Problems not directly related to an injury or overuse may occur in or around the knee.

    • Osteoarthritis (degenerative joint disease) may cause knee pain that is worse in the morning and improves during the day. It often develops at the site of a previous injury. Other types of arthritis, such as rheumatoid arthritis, gout, and lupus, also can cause knee pain, swelling, and stiffness.
    • Osgood-Schlatter disease causes pain, swelling, and tenderness in the front of the knee below the kneecap. It is especially common in boys ages 11 to 15.
    • A popliteal (or Baker's) cyst causes swelling in the back of the knee.
    • Infection in the skin (cellulitis), joint (infectious arthritis), bone (osteomyelitis), or bursa (septic bursitis) can cause pain and decreased knee movement.
    • A problem elsewhere in the body, such as a pinched nerve or a problem in the hip, can sometimes cause knee pain.
    • Osteochondritis dissecans causes pain and decreased movement when a piece of bone or cartilage or both inside the knee joint loses blood supply and dies.

    Treatment

    Treatment for a knee problem or injury may include first aid measures, rest, bracing, physical therapy, medicine, and in some cases surgery. Treatment depends on the location, type, and severity of the injury as well as your age, health condition, and activity level (such as work, sports, or hobbies).

    Use the Check Your Symptoms section to decide if and when you should see a doctor.

    Knee Problems and Injuries - Home Treatment

    Home treatment may help relieve pain, swelling, and stiffness.
    • Rest and protect an injured or sore area. Stop, change, or take a break from any activity that may be causing your pain or soreness. When resting, place a small pillow under your knee.
    • Ice will reduce pain and swelling. Apply ice or cold packs immediately to prevent or minimize swelling. Apply the ice or cold pack for 10 to 20 minutes, 3 or more times a day.
      • For the first 48 hours after an injury, avoid things that might increase swelling, such as hot showers, hot tubs, hot packs, or alcoholic beverages.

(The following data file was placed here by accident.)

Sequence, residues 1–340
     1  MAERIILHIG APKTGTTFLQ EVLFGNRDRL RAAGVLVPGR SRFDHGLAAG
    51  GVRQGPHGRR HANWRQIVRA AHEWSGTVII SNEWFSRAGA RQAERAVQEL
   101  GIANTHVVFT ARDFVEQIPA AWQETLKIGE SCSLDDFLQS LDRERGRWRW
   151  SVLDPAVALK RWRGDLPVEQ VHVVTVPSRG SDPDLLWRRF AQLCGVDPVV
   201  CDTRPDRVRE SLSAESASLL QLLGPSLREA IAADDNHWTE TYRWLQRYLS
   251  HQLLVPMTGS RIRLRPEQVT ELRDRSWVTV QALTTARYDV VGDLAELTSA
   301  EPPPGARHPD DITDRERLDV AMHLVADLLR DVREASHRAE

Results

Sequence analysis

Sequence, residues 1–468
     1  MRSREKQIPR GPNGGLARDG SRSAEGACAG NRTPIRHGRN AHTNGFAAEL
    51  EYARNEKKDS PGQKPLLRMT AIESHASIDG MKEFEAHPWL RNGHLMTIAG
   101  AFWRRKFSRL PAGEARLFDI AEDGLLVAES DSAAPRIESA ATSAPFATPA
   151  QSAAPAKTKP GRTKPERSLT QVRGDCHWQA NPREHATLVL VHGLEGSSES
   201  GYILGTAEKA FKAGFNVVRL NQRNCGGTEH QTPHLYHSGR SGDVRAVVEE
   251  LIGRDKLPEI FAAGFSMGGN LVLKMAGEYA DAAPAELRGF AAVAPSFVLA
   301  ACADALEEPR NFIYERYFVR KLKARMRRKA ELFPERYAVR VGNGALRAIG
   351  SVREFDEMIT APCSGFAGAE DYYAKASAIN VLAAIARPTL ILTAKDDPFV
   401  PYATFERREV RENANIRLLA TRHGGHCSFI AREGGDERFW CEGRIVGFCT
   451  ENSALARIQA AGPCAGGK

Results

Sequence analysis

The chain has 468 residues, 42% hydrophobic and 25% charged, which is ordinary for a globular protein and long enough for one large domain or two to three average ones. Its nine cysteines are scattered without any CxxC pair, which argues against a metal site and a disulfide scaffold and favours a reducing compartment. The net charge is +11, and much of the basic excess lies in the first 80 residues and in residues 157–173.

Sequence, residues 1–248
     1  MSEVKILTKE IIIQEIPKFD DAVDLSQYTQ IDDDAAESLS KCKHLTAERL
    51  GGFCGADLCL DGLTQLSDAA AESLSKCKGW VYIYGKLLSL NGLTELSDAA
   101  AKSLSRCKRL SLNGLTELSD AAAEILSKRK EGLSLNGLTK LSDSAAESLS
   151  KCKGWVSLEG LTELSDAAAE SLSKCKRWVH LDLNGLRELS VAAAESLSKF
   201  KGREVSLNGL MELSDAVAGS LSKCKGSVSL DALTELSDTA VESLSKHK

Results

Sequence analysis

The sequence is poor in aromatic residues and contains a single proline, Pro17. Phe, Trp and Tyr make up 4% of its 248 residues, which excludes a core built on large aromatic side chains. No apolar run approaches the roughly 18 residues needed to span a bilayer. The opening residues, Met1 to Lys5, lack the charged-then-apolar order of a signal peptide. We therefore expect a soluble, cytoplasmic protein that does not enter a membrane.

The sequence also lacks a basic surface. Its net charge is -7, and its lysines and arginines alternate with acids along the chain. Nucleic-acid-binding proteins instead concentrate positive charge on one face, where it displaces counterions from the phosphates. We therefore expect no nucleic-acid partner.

• After 48 to 72 hours, if swelling is gone, apply heat and begin gentle exercise with the aid of moist heat to help restore and maintain flexibility. Some experts recommend alternating between heat and cold treatments.
    • Compression, or wrapping the injured or sore area with an elastic bandage (such as an Ace wrap), will help decrease swelling.
      • Don't wrap it too tightly, since this can cause more swelling below the affected area. Loosen the bandage if it gets too tight. Signs that the bandage is too tight include numbness, tingling, increased pain, coolness, or swelling in the area below the bandage.
      • Don't expect the bandage to protect or stabilize a knee injury.
      • Talk to your doctor if you think you need to use a wrap for longer than 48 to 72 hours. A more serious problem may be present.
    • Elevate the injured or sore area on pillows while applying ice and anytime you are sitting or lying down. Try to keep the area at or above the level of your heart to help minimize swelling.
    • Reduce stress on your sore knee (until you can get advice from your doctor):
      • Use a cane or crutch in the hand opposite your painful knee.
      • Use two crutches, keeping weight off the leg with the sore knee. You can get canes or crutches from most pharmacies. Crutches are recommended if a cane causes you to walk with a limp.
    • Gently massage or rub the area to relieve pain and encourage blood flow. Do not massage the injured area if it causes pain.
    • Try the following exercises to maintain flexibility:
      • Hamstring stretch
      • Knee-to-chest exercise
    • Avoid high-impact exercise, such as running, skiing, snowboarding, or playing tennis, until your knee is no longer painful or swollen.